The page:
Share this page via Email Share this page via Stumble Upon Share this page via Digg this Share this page via Facebook Share this page via Twitter

{ 20 comments… read them below or add one }

TheKitchenWitch September 27, 2011 at 7:44 am

Jesus. This was heart-wrenching and thoughtful and beautiful. I stopped dead in my tracks at “Would you rather write about your kid, or be with him, loser?”

Thick in the throat, here.


Wolf Pascoe September 27, 2011 at 1:36 pm

I think we all struggle with that one, TKW.


Kelly September 27, 2011 at 9:05 am

There’s so much nuance and emotion packed in here. I don’t know that I have the strength of mind and courage of character to sit on a bench while my child grapples with sadness beside me. Likely, I’d give him a pep talk, squeeze his hand, and send him back in … and that keening loneliness may sit with him in my place. Your example will stay with me.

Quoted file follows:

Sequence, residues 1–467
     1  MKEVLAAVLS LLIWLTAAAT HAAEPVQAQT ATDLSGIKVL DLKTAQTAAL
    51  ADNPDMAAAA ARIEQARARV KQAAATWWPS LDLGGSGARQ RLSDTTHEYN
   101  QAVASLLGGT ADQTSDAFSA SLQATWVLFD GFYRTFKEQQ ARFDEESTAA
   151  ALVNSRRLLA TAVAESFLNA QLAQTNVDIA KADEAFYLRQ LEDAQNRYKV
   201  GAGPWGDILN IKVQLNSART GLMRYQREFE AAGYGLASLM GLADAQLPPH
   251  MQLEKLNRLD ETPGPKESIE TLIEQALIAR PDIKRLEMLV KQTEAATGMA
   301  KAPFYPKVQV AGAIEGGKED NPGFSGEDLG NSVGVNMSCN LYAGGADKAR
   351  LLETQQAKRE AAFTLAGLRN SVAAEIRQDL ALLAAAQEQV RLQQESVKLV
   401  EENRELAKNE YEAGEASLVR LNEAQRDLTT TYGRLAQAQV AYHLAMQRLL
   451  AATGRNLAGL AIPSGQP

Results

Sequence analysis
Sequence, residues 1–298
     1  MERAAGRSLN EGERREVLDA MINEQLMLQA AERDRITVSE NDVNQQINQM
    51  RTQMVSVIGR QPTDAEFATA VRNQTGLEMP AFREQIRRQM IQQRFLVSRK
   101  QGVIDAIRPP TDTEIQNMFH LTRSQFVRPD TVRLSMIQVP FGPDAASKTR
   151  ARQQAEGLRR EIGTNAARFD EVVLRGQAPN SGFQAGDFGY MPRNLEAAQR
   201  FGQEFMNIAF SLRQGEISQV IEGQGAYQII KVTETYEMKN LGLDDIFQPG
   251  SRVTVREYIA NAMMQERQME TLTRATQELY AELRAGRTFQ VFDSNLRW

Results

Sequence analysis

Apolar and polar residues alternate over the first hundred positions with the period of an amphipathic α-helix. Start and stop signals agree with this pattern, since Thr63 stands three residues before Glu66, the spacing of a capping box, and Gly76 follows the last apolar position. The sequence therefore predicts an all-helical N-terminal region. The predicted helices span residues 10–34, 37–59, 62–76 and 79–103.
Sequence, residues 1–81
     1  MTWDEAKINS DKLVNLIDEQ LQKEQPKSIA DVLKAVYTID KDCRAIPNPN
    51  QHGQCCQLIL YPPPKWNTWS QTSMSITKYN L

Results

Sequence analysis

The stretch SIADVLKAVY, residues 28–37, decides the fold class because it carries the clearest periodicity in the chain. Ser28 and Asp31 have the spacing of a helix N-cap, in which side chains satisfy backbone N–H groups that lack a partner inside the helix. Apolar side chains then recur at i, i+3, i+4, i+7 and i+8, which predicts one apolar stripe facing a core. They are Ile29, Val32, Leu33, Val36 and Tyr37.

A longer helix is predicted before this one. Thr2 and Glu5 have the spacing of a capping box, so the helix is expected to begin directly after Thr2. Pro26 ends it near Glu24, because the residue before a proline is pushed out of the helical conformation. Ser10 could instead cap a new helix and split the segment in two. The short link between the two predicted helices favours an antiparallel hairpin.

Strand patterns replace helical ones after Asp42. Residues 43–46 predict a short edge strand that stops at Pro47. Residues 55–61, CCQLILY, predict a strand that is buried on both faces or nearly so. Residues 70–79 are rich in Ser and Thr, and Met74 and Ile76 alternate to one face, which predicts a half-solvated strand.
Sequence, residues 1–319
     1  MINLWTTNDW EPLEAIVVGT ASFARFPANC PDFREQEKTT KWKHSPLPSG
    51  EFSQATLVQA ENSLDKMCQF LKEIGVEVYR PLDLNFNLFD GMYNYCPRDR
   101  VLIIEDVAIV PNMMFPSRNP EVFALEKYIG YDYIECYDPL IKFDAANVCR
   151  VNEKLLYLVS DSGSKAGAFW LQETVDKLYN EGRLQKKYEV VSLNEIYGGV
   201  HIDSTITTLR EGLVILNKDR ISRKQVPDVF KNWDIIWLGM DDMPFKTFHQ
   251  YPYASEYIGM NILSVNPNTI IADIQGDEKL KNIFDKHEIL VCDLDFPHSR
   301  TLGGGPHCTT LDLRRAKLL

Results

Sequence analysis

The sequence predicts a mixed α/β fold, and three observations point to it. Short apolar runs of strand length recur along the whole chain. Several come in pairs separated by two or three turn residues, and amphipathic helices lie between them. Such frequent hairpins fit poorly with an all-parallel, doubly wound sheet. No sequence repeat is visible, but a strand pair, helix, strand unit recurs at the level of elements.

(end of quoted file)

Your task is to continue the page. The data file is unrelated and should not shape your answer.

Wolf Pascoe September 27, 2011 at 1:37 pm

I always think of tears as a gift. Probably because I spent so many years holding them back.


pamela September 27, 2011 at 10:22 am

I want to go to Fern Hill school too.

This is a beautiful post and it brought tears to my eyes. Especially this:

“If you go home, nothing will happen,” I say. “If you stay, you can be surprised.”

I am going to remember that nugget of wisdom for sure. Beautiful post per usual and inspirational parenting (also per usual).


Wolf Pascoe September 27, 2011 at 1:44 pm

I liked it too, Pamela. But it didn’t impress Nick.